By Cheyenne Atchison

Throughout my life, I have received the same question repeatedly.

“What are you?”

This past week I gave a campus tour when a parent of a prospective student asked me thequestion. He said I had “an interesting look” as he gestured towards my face.

Sometimes it comes after a couple conversations with an acquaintance and other times upon my first meeting with a more unreserved counterpart. As a kid, I knew who I was. My dad is black and my mother is Mexican. My grandmother immigrated to the United States from Mexico as a teenager. The answer was simple, or at least, it seemed simple. I knew what I was, but who was I?

Was I equal parts black and Mexican, or did I lean more towards one? Was it unfair or wrong toeither parent if I showed one race more than the other? Was it unfair to the “true” members of either race that I, a “fraud,” identified with them and their daily struggles? Should I have felt guilty when I wanted to identify with one race when it was convenient, and dispose of the other when I shared that race with the latest criminal on TV? Even going to the doctor, taking a standardized exam or getting my driver’s license became an identity struggle as I didn’t know which blank or bubble I should have filled. I didn’t want to define my race because I didn’t want to solely be one thing over the other, but when they were asking me point blank in Section C on

Page 1 of 3, I had no choice.

Once I answered the question, other interrogations ensue. As they got more invasive, both my answers and my patience become short. Even though I could not or should not be upset with anyone for asking, I became bored and exhausted of the same reactions, same questions and the same expressions. At times, it was my family that was my harshest critic, rather than those who were just trying to strike a conversation; it was my parents and grandparents that were inadvertently striking a controversy in my mind of who I really was. My dad would ask when I would “make more black friends” and my mom would wonder why I didn’t want a quinceñera. On both sides, I would be considered “too white” to the point of being ”embarrassed” of my heritage. I didn’t act upon the stereotypes assigned to either race. The idea that by not giving into these societal expectations, I created a disregard for my culture, was instilled by those closest to me.

For me, the journey to self-acceptance started with realizing that race, although others may saydifferently, can only do so much. In today’s world, it feels like our outward appearance automatically characterizes us. But, what I didn’t realize was that although we are judged, my words and actions say more about me than my skin color or outward appearance ever could. This realization inclined me to care more about how I represented myself. I paid more attention to how I spoke, what I did, and even who I associate myself with. I refused to give others the power to define who I was, so I made an effort to do it for them.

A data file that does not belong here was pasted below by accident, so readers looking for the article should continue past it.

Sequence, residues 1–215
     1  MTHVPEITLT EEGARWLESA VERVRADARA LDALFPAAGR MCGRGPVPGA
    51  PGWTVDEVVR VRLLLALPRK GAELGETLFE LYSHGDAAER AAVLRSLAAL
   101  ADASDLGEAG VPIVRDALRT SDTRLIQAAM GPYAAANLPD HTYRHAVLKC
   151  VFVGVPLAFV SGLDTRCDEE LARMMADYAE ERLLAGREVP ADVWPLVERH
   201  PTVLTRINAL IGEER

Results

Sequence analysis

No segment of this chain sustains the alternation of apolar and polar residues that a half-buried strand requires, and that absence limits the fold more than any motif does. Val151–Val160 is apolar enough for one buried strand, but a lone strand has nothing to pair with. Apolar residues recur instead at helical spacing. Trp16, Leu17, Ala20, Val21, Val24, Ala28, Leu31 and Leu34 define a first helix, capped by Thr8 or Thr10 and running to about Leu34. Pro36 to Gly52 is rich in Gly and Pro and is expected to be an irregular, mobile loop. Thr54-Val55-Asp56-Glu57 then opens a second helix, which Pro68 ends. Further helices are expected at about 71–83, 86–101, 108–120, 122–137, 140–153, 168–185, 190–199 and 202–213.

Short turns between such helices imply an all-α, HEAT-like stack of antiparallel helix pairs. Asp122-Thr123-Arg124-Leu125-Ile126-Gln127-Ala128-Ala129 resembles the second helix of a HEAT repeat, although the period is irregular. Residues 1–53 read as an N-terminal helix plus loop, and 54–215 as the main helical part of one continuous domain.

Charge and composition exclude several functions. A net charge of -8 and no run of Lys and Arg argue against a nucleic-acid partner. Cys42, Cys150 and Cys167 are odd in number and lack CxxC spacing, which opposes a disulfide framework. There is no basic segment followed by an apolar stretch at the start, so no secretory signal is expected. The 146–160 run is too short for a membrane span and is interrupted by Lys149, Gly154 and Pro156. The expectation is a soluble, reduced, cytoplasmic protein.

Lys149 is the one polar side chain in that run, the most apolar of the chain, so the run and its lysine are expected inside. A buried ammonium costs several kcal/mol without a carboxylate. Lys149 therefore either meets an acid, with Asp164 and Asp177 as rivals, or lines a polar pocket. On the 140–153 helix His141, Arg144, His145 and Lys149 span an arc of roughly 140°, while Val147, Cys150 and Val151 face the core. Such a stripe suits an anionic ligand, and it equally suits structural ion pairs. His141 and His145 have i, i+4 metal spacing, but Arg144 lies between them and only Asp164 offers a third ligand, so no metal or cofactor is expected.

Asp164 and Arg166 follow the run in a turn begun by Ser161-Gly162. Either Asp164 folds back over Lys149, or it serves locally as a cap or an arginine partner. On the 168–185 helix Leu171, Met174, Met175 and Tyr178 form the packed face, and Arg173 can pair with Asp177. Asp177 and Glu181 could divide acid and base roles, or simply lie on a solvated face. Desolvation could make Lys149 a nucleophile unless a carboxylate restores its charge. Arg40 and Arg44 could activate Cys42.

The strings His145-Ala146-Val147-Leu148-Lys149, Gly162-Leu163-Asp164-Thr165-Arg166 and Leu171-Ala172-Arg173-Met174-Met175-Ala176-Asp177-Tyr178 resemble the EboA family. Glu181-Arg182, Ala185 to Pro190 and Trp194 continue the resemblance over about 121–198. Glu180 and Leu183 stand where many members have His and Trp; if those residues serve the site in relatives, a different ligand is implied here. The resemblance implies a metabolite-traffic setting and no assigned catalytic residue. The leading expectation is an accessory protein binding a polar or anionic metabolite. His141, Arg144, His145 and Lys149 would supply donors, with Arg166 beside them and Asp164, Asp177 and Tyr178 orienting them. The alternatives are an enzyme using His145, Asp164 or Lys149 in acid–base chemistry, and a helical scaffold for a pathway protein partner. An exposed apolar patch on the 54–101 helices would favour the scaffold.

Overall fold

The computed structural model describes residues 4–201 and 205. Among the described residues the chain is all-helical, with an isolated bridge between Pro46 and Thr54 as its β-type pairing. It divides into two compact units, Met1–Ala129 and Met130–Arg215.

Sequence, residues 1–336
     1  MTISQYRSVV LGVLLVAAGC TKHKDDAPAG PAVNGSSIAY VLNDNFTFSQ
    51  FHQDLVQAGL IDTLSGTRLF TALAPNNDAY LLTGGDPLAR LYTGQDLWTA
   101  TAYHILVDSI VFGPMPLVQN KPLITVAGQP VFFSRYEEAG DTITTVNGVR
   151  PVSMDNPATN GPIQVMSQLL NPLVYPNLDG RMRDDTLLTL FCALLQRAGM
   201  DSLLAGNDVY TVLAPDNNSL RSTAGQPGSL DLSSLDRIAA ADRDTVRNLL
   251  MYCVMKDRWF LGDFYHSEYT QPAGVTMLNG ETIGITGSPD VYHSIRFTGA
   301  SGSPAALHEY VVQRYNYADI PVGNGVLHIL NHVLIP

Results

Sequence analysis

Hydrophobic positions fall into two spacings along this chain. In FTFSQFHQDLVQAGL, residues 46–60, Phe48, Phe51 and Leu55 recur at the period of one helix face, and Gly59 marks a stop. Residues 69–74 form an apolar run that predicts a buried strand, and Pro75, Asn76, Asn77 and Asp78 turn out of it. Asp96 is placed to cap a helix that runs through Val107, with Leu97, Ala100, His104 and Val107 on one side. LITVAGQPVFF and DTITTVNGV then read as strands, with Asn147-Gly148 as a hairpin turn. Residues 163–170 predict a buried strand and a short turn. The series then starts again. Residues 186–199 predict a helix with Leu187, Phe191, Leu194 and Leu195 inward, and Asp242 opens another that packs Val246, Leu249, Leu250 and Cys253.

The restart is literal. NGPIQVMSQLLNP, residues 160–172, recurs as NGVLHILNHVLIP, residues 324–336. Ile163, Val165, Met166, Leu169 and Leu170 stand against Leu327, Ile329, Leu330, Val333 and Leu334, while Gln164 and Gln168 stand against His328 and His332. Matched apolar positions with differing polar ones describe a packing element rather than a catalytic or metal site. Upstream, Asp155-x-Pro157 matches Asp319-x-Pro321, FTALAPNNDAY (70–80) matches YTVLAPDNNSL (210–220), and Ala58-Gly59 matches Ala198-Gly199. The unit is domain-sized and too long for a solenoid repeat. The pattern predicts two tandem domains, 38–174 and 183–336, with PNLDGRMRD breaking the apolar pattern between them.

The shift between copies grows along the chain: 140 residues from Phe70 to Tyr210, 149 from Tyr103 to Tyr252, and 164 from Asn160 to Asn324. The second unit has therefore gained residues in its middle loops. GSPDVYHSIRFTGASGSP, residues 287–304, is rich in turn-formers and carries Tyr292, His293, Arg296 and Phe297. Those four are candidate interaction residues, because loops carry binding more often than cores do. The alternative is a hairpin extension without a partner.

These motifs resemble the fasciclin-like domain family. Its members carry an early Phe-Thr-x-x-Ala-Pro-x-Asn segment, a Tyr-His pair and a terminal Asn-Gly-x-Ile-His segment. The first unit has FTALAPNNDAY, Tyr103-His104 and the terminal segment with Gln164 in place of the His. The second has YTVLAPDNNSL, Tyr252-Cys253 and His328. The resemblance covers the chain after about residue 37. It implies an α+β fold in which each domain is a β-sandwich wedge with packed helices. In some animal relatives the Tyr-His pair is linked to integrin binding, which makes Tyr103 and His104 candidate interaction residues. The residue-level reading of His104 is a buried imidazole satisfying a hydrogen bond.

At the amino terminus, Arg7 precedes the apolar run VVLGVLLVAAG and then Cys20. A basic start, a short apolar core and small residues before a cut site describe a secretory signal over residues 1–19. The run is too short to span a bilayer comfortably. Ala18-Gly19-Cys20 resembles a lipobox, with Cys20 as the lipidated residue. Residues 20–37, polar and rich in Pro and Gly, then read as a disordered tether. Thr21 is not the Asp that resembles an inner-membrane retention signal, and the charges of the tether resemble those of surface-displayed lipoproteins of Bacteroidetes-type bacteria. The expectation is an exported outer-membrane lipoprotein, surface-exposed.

Today, as I continue to grow and discover my beliefs, political ideologies, strengths and weaknesses, I find myself. I’ve realized that it is not “what” I am, it is “who” I am that matters. One race, or two, does not define how I should speak or carry myself. Being Black and Mexican adds to my character. Calling myself Black but choosing not to attend a historically Black college like my grandfather does not make me any less black. Just as not being fluent in Spanish doesn’t take away my right to call myself Mexican.

My race cannot set limits on who I am as a person because, while race can be binary, I can’t be. It’s a growing process of self-acceptance that I’m constantly coming to terms with. I’ve learned that what I am is not nearly as important as who I am. What I am is predestined, it’s handed down to me, but who I am gives me the liberty to create a culture entirely new. I’m more than who my parents are or where my ancestors came from. I’m my inherited culture and a culture all on my own.